The complete program at Xiamen Stone Fair 2023 (June 05 – 08)
In a presentation at the Xiamen Stone Fair 2023, Peter Becker, Editor-in-Chief of Stone-Ideas.com, will report on the arguments companies in the West use to promote their stones to consumers, i.e.: with which they convince private individuals as well as architects and interior designers to opt for marble, granite, etc.
The reason for the topic is that the Chinese government with its current five-year plan wants to increase private consumption of high-quality and environmentally friendly products. Guidelines of the new policy are the focus on quality and a ‘green’ consumption (see link at the bottom of this page), we had written in our report about it, and the Chinese association China Stone Material Association (CSMA) and the fair invited us to the lecture.
One aspect: natural stone is a material with special temporal aspects. In marketing, it is therefore often emphasized that it is millions of years old and that it also has a long service life in use – whether these arguments are more than folklore, however, and whether they really bring the consumer to the stone at the moment of the purchase decision, seems to us more than questionable.
However: the Covid pandemic has shown that another temporal aspect actually guides the buyer’s decision: it is the fact that stone is durable also in terms of value, so that once installed in a bathroom or kitchen, etc., it permanently retains its value and that this is transferred to the property.
In financial terms, spending money on natural stone does not incur costs (that you do not get back), but is an investment (that pays off). The consideration first appeared 2016 in the magazine “The Cutting Edge“ published by what was then the Marble Institute of America (now the Natural Stone Institute).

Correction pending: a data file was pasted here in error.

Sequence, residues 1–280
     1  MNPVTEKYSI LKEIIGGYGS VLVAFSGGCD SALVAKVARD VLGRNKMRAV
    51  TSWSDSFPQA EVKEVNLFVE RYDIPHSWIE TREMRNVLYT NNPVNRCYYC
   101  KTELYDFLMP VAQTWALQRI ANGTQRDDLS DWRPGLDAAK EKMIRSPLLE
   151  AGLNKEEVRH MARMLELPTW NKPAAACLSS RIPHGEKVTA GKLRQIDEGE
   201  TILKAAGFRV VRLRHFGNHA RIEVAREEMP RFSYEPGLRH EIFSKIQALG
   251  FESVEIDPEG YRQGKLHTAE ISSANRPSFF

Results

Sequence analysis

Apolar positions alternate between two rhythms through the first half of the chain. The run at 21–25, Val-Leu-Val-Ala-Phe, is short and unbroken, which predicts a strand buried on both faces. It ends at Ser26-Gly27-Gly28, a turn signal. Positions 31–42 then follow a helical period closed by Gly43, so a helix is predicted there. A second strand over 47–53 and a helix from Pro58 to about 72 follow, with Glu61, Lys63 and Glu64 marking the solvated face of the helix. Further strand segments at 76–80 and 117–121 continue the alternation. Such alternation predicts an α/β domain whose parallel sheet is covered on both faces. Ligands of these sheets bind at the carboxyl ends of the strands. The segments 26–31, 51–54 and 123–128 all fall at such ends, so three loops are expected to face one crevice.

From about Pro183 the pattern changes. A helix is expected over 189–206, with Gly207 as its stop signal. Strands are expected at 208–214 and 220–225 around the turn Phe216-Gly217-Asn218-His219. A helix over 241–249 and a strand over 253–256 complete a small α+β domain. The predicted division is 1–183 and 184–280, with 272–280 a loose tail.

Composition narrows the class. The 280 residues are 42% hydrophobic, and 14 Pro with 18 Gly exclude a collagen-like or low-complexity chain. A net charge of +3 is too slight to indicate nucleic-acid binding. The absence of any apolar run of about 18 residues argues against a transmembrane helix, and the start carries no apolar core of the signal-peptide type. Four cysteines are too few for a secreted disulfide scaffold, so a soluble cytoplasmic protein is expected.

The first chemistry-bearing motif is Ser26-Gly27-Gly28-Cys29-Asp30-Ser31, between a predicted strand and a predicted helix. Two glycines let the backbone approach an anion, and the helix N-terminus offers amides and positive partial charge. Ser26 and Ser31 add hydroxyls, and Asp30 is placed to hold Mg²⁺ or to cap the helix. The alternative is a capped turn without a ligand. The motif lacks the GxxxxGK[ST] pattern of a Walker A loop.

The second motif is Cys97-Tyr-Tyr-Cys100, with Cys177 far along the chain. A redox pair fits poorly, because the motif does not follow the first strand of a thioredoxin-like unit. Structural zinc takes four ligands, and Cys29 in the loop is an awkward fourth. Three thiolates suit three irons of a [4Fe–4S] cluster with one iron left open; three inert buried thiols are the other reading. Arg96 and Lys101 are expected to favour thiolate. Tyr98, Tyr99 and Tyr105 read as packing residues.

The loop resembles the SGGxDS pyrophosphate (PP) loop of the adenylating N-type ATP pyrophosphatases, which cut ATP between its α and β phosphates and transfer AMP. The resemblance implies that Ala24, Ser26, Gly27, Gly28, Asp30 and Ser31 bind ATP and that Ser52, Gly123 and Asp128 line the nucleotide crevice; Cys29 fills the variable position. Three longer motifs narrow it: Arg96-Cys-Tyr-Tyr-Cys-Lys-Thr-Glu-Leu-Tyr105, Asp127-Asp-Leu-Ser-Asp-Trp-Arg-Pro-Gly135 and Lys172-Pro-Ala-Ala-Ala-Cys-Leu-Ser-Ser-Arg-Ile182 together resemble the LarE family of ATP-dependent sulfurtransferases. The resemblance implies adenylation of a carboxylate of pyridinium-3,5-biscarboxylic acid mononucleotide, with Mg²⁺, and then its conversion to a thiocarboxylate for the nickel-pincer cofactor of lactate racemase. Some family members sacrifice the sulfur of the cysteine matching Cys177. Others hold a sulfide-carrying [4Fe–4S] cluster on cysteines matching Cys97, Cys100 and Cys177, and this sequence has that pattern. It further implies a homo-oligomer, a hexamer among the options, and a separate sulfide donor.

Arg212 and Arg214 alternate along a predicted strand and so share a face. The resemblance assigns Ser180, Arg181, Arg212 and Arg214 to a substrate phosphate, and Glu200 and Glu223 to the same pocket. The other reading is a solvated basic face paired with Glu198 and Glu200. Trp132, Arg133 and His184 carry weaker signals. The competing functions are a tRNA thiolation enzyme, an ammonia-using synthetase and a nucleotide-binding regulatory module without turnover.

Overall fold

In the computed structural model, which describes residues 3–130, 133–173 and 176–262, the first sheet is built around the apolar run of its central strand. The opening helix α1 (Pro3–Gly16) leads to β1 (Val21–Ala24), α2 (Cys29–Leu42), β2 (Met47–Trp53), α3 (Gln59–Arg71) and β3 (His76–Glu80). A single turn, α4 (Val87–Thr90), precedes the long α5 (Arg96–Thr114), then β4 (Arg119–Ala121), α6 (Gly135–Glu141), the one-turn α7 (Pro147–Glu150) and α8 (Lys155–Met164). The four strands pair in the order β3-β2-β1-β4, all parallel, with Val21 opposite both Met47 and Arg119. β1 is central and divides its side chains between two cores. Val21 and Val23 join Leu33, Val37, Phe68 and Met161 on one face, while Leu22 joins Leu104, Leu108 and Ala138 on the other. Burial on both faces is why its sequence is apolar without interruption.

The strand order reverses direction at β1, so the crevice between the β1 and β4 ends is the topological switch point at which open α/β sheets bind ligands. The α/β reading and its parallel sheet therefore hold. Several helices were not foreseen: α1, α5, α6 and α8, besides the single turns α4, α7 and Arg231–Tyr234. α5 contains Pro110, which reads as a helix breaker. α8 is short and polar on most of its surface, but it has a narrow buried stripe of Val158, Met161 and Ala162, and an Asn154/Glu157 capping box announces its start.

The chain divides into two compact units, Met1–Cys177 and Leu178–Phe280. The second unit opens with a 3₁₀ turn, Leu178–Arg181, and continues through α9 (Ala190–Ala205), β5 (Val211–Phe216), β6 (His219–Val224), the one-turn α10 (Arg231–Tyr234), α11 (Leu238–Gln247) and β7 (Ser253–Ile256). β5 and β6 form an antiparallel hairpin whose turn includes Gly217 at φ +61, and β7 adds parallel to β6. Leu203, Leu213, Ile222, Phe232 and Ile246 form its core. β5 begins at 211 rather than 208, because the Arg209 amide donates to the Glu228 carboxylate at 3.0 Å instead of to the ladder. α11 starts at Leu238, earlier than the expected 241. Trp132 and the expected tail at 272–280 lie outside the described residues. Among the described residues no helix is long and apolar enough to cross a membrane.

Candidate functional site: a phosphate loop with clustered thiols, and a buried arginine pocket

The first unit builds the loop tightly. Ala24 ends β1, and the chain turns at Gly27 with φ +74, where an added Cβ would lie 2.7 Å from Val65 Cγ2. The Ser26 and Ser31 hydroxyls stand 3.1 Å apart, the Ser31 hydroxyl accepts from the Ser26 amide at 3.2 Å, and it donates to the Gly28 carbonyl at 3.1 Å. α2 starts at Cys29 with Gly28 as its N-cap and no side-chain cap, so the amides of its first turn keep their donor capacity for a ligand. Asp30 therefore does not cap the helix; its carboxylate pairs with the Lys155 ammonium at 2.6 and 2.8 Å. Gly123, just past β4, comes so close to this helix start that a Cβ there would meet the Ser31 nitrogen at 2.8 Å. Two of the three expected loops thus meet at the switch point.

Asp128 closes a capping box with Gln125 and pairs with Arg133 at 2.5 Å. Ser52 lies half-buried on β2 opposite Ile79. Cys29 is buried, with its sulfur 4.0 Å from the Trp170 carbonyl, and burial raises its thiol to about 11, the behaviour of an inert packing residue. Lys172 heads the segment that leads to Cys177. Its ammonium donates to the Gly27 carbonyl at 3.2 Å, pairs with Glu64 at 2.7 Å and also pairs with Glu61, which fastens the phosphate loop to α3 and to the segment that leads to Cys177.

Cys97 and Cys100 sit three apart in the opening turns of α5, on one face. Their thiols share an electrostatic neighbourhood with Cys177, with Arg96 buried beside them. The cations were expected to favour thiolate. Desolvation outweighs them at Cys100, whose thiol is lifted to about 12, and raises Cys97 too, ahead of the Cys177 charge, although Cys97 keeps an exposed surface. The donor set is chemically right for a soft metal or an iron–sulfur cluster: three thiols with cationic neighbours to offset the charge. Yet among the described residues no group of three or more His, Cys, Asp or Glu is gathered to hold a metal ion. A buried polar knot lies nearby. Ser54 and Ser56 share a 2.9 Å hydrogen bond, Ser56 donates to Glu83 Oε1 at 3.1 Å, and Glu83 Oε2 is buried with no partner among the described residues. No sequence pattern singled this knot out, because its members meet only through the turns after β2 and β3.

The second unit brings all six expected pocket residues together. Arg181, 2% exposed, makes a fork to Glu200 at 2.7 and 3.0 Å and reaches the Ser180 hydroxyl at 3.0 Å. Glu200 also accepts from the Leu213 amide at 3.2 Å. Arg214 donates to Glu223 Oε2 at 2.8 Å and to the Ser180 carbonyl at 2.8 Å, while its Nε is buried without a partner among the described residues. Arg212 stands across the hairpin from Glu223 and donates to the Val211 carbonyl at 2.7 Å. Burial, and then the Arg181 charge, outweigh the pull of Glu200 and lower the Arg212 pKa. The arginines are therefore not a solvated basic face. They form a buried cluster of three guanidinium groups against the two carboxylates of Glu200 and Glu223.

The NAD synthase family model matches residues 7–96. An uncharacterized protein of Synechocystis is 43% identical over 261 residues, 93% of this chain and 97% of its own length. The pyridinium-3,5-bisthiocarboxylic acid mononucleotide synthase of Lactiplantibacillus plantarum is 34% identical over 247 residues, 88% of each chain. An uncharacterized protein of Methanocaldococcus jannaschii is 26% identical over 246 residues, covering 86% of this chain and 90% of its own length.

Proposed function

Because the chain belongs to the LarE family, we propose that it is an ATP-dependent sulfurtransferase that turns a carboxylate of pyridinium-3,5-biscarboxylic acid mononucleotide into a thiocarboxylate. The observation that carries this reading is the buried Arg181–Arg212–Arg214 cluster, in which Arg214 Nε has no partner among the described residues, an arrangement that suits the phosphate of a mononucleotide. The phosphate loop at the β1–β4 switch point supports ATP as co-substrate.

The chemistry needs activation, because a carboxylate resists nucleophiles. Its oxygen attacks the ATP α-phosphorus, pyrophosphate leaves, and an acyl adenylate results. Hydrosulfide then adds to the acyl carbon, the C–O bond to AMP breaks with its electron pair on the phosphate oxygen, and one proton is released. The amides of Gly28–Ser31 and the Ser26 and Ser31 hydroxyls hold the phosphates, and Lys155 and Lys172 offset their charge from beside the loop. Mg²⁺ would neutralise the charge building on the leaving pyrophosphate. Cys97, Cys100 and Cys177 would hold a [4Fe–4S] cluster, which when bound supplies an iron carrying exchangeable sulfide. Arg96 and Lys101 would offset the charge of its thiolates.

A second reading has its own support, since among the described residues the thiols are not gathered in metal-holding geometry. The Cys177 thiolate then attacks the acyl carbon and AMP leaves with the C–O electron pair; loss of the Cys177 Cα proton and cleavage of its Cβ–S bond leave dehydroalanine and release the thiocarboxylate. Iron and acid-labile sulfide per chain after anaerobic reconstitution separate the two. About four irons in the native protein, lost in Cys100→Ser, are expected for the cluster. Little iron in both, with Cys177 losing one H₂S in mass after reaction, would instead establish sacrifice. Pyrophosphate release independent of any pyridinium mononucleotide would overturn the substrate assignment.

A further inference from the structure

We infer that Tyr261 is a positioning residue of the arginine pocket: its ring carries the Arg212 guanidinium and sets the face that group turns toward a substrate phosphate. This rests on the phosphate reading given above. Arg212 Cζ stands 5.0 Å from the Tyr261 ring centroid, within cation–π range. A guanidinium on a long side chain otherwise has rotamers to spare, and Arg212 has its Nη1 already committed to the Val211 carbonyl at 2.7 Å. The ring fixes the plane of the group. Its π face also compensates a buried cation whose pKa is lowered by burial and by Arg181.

For middle-market consumers worldwide, this temporal feature of stone is a major selling point. This was demonstrated by the Covid pandemic, when the demand for natural stone to modernize houses and apartments grew enormously. The Natural Stone Institute wrote in the September/October 2020 issue: “It appears that after a few moments of fear in March and April, the average homeowner has decided to put their money to work in their own backyard.”
Incidentally, the argument of value retention is particularly valid in times of inflation.
Speaking of buyer surveys: In the meantime, there are some surveys from Germany, Sweden and most recently also from Italy on what consumers expect from natural stone.
In the first place for them, as was to be expected, is the beauty of the material and its special charm.
What often prevents potential buyers from opting for stone, on the other hand, is the price. This was also to be expected – in sales talks, the reference to value retention (see above) can therefore be a resounding argument.
Strongly to the disadvantage of natural stone, however, is the uncertainty about maintenance, according to the findings of one of the consumer surveys. It shows that the stone sector in the past years here a large information deficit let run up.
On the other hand, one can attest however up-to-date (nearly) all federations and companies world-wide that they recognized the trend of the time and prove the “green“ strengths of the natural stone by scientific analyses such as the CO2 footprint or EPDs (Environmental Product Declarations).
So far, so good, however: how can it be then that in public and political discussions about environmentally friendly building materials, wood is always mentioned and sometimes even exotics such as clay or straw, but natural stone never? Claude Gargi, editor-in-chief of the French magazine Pierre Actual, had named the grievance for the first time in an editorial (April 2023).
What is the stone sector doing wrong here so far and what can it do better?
These and numerous other marketing aspects will be the subject of Peter Becker’s presentation at the Xiamen Stone Fair.
Title of the lecture: “How companies and associations in the West are directing consumer interest to natural stone”.
Time: Tuesday, June 06, 2023, 13.00 – 13.50
Venue: Forum Area, Hall W